I Cannot Be There, But I Am Here

Friday June 21, 2019
Doors 8pm | Performance 8:30pm

Room 4
474 Haywood Rd, Second Floor 
Asheville, NC


5 East Broadway, #402 
New York, NY


New York places a call. A small southern city answers, this time from it’s doorway. You are asked to come in and look around.

I Cannot Be There, But I Am Here is a Twitch-stream reading between Natalia Panzer (NYC), Frances Daugherty (NYC), and Johanna Owen (Asheville, NC). For one night, Room 4 of Asheville, NC and Lubov (Room 402) of New York, New York will share a space that is contingent upon their virtual correspondence while performing in two places at once for an audience that will span the eastern coastline. We are in the time of many-to-many.

The script experiences placehood in an interstitial zone formed by anecdotal data, observational poetry, investigative journalism, and soap opera. Solitary gamers of the flesh world navigate overlapping walkthroughs of personal maps. Intersections form at the corners where we roam, intoxicated, en route to that ever-elusive “home.” You are accosted, agitated, loomed-over by authority figures and disoriented strangers. You are stumbling along the path of four conversing stories. Transportation, by train or by highway, is drama on its way to itself.

The Southeastern USA is full of vast spaces, but empty of free spaces. In New York, the corridors clamor with interstices of no-man’s-land. Frances muses on a past of Eastern North Carolina’s outer-urban subdivisions. Johanna loots and is looted at the height of Western North Carolina’s real-estate boom. A group of quake-dealers are vignetted in Gastown. Natalia bears witness on the train from New York to Newark.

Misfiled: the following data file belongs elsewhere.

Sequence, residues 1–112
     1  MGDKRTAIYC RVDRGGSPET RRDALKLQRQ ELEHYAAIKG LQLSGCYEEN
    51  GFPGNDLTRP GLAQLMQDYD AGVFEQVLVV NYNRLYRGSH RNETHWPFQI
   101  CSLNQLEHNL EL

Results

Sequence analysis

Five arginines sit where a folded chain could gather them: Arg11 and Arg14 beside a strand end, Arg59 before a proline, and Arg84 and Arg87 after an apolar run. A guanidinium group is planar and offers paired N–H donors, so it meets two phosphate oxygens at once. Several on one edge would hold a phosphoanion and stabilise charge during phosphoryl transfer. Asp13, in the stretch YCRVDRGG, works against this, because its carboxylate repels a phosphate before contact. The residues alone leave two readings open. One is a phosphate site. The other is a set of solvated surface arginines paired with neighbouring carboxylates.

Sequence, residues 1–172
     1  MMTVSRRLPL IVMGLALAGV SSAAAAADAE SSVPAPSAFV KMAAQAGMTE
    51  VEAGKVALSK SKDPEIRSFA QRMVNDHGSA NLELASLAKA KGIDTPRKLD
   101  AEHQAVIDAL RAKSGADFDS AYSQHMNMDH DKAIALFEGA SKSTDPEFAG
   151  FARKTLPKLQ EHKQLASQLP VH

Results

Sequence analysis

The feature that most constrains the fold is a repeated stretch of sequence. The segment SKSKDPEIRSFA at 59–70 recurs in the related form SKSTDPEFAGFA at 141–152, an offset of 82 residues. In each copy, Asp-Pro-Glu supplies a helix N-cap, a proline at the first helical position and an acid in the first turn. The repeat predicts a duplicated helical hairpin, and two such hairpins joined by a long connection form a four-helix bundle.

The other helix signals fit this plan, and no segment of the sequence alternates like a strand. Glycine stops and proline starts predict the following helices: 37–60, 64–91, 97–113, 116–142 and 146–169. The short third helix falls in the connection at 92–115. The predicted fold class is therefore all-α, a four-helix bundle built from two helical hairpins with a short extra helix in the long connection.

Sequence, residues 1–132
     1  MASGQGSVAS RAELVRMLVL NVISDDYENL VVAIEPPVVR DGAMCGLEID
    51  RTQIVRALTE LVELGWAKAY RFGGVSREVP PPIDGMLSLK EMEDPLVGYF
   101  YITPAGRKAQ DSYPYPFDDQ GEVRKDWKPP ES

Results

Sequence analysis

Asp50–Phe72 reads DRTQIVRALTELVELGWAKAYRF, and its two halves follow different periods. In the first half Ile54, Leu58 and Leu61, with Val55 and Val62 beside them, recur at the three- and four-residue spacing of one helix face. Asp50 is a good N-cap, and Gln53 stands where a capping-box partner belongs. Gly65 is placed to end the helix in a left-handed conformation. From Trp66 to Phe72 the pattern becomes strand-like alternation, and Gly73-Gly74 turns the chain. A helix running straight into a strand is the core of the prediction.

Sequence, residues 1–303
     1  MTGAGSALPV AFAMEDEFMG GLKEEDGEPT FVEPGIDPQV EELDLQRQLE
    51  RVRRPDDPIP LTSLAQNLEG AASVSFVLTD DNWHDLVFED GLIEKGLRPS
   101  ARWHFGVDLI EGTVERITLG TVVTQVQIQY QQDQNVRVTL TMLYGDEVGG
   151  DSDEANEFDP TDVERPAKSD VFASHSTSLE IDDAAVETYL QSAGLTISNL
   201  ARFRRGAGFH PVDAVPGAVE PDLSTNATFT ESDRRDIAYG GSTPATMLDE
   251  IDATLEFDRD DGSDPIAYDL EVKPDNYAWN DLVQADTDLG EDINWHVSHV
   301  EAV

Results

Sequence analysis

It begins like this: You loot a foreclosed home of molding familial artifacts, including a crystal bowl. A ponderosa pine falls over one day, separating the new homes from the old. The power goes out in your bedroom. Your flashlight rolls under the crystal bowl, projecting its carvings all over the walls. You climb over the tree to return the bowl to an Episcopal church across the street. A public service truck stalls with its headlights on. It is parked in front of the tree for several hours. This year’s first full moon lingers overhead. You wait for New York to call.